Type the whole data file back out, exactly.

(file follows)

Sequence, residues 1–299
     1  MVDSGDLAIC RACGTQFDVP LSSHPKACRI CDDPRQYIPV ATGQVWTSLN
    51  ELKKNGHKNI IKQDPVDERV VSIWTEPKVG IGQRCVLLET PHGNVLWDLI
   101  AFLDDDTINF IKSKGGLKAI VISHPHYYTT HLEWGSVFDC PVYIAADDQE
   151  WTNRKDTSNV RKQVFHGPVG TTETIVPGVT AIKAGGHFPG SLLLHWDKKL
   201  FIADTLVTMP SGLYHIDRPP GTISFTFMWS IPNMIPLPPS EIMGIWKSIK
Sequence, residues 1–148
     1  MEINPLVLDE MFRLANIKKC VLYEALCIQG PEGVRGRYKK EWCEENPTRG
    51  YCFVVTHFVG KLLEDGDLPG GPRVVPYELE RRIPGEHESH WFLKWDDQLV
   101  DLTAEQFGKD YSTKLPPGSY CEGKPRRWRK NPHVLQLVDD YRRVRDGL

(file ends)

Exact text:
Sequence, residues 1–299
     1  MVDSGDLAIC RACGTQFDVP LSSHPKACRI CDDPRQYIPV ATGQVWTSLN
    51  ELKKNGHKNI IKQDPVDERV VSIWTEPKVG IGQRCVLLET PHGNVLWDLI
   101  AFLDDDTINF IKSKGGLKAI VISHPHYYTT HLEWGSVFDC PVYIAADDQE
   151  WTNRKDTSNV RKQVFHGPVG TTETIVPGVT AIKAGGHFPG SLLLHWDKKL
   201  FIADTLVTMP SGLYHIDRPP GTISFTFMWS IPNMIPLPPS EIMGIWKSIK
Sequence, residues 1–148
     1  MEINPLVLDE MFRLANIKKC VLYEALCIQG PEGVRGRYKK EWCEENPTRG
    51  YCFVVTHFVG KLLEDGDLPG GPRVVPYELE RRIPGEHESH WFLKWDDQLV
   101  DLTAEQFGKD YSTKLPPGSY CEGKPRRWRK NPHVLQLVDD YRRVRDGL